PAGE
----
With any stretch of knitting of more than a handful of stitches making one stitch more or less isn’t going to be a problem. Knitting is approximate.

Soon I’ll be breaking the yarn and add the ribbing at the neck and arm holes first, before knitting downwards again to the hem.

There will be a few stripes in blue at the hip line, I expect. That blue Wolop roving has been spun already. It’s Leicester, which is a breed akin to Blue Faced Leicester, and it spun up so fast! Nice long staple and soft. 10/10, will spin again.


The twist hasn’t been set yet. 193 meters, 100 grams, same weight as the Wolop Grey (sport/worsted)

 

“the twist hasn’t been set”…. I better do that right away, otherwise it may not be dry before I need it.

Our day in Münster

We drove to Münster and both of us did our favourite thing in the car:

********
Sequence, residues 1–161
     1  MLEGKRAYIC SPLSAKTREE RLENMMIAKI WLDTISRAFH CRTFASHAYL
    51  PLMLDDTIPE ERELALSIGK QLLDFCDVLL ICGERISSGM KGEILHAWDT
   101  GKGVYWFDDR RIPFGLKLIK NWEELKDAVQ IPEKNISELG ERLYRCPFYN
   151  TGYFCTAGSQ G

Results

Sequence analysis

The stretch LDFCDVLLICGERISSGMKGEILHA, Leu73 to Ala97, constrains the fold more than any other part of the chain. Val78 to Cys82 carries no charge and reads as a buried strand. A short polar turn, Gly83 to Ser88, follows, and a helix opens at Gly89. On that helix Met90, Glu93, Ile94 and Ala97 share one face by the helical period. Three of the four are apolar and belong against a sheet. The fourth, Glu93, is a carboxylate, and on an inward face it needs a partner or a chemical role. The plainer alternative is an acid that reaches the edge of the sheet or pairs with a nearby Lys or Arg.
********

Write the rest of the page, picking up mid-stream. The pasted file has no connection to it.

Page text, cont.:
"Dont stop believin' " Anakin Skywalker... just another emo teenager on a weekend night.
I knitted and Mr Marvel got angry at every other driver on the road.

He was positively fuming and spitting on the steering wheel at times. I’ve come to the conclusion it’s a hobby of his.

I took it as an opportunity to practise to leave it all with him. After all, I know he forgets about his anger a mere 500 m further down the road. It’s of no use that I carry all the charged negativity for another two hours.
Seeing all his anger as a mere hobby of agitated song & dance helps me to disregard it for sure!

The landscape just over the border is already foreign and I enjoyed it very much. Hills! Mysterious bits of forest. Little see throughs and exotic cottages. And: not every inch of land is as neatly suffocated as it is in my country.
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There are also many fields of rye (not the golden wheat) which is a staple in the German diet.
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Lovely old landscapes that weren’t bombarded during the war:

pics by www.wehrbauten.de and muensterland.de

To me these landscapes refer to the European area where the main fairy tales are from: Germany, Central Europe, Eastern Europe.